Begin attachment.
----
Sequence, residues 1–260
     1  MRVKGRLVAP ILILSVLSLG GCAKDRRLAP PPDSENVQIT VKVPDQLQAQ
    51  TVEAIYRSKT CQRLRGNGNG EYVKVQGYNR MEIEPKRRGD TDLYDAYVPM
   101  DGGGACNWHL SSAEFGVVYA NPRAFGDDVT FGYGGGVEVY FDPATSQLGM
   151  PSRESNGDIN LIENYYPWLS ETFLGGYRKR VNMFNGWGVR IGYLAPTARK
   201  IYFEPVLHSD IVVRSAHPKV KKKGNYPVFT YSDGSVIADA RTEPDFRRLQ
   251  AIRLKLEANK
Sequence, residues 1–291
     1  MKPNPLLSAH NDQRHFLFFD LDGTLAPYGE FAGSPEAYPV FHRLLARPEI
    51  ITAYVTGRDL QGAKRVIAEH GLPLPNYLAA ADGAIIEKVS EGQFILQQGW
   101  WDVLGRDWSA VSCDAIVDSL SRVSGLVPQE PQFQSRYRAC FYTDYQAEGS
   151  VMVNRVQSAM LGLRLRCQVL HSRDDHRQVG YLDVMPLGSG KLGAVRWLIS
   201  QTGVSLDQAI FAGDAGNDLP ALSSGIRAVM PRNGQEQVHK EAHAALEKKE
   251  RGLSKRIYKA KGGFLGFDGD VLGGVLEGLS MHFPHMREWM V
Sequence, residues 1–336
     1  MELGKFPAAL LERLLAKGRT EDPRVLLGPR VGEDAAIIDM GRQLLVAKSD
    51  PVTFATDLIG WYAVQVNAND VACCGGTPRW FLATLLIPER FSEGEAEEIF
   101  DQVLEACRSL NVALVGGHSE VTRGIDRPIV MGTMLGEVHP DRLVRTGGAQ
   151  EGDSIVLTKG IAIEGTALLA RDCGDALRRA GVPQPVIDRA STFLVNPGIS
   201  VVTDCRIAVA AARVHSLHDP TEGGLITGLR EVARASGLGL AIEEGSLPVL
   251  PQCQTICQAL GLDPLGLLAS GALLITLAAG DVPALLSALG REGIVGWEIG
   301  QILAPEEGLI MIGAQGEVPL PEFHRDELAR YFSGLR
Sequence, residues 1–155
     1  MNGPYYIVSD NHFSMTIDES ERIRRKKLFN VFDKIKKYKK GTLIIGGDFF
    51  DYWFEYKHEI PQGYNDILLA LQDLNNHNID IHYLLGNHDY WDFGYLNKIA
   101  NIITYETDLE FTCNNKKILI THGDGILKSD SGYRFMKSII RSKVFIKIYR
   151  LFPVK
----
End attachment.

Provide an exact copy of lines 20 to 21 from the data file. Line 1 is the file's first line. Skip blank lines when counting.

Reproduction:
   201  VVTDCRIAVA AARVHSLHDP TEGGLITGLR EVARASGLGL AIEEGSLPVL
   251  PQCQTICQAL GLDPLGLLAS GALLITLAAG DVPALLSALG REGIVGWEIG